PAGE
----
Embrace the humility of our Lord Jesus in your own life. In the garden, He said, “My soul is sorrowful even unto death: stay you here, and watch with me.”
What an invitation He has given us! We are invited to stay with Him and watch with Him in prayer!
Do our souls sorrow for our sins?
Do we watch with Christ in prayer?
Our Lord said to the Father, “Nevertheless not as I will, but as thou wilt.”
Are we willing to submit to the will of the Father, no matter the cost? Are we willing to submit our own will? Do we submit to His Church, and thus to Him, or do we demand our own way? Let us take to heart the words of our Savior, even in His suffering and Passion,
“Watch ye, and pray that ye enter not into temptation. The spirit indeed is willing, but the flesh weak.”
Let us embrace what our Lord has gone before us to show. Let us take to heart His words and amend our lives, rend our hearts and submit. Let us watch and pray that we may not enter into temptation. Our flesh is indeed weak and selfish and prideful. Pray, brothers and sisters, that your spirit would be made willing. Fast, pray, embrace the life our Lord has called us to, a life of submission to the will of the Father and service to our Lord Jesus.
And what shall come of us after we have submitted, after we have fasted and prayed, after we have submitted to the will of the Father?
Like the veil of the temple, our hearts will be torn in two. Not in pain but in freedom. For the veil of our flesh and sin that has separated us from God our Father will have been torn finally in two. Our hearts of stone will become hearts of true flesh. We shall have then the mind of Christ. And we shall see our Lord face to face, as He is.
Oh, this is the end, dear brothers and sisters, of embracing the Passion of our Lord. We shall be made in His image and we shall see Him face to face! Watch ye, therefore, and pray!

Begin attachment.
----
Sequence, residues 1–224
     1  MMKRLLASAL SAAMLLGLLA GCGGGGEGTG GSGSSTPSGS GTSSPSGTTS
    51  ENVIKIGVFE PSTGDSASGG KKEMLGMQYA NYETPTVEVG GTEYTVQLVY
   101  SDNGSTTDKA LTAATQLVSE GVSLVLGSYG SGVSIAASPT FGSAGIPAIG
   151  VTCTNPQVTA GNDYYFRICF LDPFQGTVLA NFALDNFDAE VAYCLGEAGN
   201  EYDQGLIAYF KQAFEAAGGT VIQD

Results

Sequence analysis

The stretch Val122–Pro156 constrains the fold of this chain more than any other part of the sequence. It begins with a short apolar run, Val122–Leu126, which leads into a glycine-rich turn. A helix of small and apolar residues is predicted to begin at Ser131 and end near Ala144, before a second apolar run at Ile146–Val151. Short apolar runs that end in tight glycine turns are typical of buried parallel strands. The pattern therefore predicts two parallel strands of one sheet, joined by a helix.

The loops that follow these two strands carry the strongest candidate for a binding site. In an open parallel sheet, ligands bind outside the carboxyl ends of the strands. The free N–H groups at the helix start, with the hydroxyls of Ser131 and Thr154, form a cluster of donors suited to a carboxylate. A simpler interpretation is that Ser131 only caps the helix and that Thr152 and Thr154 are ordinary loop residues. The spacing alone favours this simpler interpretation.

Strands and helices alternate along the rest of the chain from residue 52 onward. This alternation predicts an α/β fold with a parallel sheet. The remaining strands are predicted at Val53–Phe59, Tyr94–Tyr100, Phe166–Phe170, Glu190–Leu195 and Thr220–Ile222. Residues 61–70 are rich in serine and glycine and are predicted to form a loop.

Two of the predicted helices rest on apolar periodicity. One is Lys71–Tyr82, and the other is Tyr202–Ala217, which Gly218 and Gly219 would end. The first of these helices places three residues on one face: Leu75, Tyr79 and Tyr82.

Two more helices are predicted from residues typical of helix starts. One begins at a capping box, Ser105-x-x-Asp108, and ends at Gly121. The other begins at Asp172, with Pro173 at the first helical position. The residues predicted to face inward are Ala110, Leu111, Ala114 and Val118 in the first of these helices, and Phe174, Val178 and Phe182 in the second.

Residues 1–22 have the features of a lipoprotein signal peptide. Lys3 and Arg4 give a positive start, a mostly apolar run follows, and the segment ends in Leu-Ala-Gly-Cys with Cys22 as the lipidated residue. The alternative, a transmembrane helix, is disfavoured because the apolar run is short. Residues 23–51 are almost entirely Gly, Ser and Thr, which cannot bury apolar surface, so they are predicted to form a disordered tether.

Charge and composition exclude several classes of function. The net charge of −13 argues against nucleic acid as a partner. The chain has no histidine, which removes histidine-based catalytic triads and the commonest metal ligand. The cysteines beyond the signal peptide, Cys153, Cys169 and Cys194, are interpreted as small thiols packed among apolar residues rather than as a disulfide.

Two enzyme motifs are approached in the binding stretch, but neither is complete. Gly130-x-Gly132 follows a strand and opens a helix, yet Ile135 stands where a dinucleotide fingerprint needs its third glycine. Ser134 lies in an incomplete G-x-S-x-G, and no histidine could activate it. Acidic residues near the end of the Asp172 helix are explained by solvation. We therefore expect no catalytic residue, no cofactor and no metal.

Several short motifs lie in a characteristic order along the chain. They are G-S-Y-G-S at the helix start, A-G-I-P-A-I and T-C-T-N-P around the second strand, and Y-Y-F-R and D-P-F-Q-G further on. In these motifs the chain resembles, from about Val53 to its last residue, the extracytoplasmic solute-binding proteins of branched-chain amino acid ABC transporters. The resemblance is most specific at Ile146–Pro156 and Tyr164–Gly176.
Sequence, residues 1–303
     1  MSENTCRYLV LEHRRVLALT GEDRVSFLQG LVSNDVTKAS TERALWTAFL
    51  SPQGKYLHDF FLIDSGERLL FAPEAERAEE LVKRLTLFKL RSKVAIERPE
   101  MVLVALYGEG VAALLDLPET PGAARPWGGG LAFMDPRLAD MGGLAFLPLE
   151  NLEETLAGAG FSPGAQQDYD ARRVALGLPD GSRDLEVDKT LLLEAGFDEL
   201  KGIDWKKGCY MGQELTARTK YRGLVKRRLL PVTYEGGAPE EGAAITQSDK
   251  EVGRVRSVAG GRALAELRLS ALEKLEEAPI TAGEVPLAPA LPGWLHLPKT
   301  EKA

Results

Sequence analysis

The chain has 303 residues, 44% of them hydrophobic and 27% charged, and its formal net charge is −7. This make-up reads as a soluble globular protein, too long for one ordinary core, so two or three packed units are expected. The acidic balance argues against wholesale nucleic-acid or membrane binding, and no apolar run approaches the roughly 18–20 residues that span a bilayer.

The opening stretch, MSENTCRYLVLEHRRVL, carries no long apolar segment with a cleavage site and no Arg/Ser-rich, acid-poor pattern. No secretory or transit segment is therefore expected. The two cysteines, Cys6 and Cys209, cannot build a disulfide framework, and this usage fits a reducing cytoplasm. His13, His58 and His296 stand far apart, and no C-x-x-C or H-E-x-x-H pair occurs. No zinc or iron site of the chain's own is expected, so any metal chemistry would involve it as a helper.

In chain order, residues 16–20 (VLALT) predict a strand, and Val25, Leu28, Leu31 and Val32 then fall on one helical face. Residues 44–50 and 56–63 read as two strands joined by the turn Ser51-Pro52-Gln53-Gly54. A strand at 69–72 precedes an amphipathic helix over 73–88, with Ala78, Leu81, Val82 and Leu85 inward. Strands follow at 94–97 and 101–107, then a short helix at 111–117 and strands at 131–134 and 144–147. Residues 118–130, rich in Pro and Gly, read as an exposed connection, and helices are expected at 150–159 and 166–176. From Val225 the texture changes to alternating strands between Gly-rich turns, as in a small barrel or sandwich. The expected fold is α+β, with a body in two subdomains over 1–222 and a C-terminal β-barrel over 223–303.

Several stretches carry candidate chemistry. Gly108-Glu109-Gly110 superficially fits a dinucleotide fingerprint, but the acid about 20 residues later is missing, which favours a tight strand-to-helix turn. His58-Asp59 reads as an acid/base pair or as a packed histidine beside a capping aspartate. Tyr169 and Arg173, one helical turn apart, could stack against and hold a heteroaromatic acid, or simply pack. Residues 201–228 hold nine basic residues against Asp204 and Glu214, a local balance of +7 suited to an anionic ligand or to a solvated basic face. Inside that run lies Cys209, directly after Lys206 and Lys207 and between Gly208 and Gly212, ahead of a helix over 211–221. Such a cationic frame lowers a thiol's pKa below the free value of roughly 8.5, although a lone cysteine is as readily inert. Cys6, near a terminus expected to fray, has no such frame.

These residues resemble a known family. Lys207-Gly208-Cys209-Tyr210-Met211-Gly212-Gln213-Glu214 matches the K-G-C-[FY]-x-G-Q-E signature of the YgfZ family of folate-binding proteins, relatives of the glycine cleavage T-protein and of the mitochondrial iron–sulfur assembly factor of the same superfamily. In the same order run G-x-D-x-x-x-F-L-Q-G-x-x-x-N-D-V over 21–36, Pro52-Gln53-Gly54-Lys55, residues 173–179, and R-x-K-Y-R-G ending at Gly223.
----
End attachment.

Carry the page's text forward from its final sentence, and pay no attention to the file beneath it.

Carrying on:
So as I said in the introductory post, we’re going to be taking a look at some of the pre-conciliar papal encylicals. I won’t be able to really cover these in the way that I would like. One could write tomes on these and probably should. I’ll do my best to keep it to around 2k words or so.
First up (in no real order) is Pascendi Dominici Gregis, promulgated on September 8, 1907 by Pope St. Pius X. Why did the sainted Pope write this? He was specifically refuting the doctrines of the Modernists. He tells us, in the opening paragraph why. It is worth quoting.
“The office divinely committed to Us of feeding the Lord’s flock has especially this duty assigned to it by Christ, namely to guard with the greatest vigilance the deposit of the faith delivered to the saints, rejecting the profane novelties of words and oppositions of knowledge so falsely called. There has never been a time when this watchfulness of the supreme pastor was not necessary to the Catholic body; for, owing to the efforts of the enemy of the human race, there has never been lacking “men speaking perverse things” (Acts xx. 30), “vain talkers and seducers” (Titus i. 10), “erring and driving into error” (2 Tim. iii. 13). Still it must be confessed that the number of the enemies of the cross of Christ has in these last days increased exceedingly, who are striving, by arts, entirely new and full of subtlety, to destroy the vital energy of the Church, and, if they can, to overthrow utterly Christ’s kingdom itself. Wherefore We may no longer be silent, lest We should seem to fail in Our most sacred duty, and lest the kindness that, in the hope of wiser counsels, We have hitherto shown them, should be attributed to the forgetfulness of Our office.”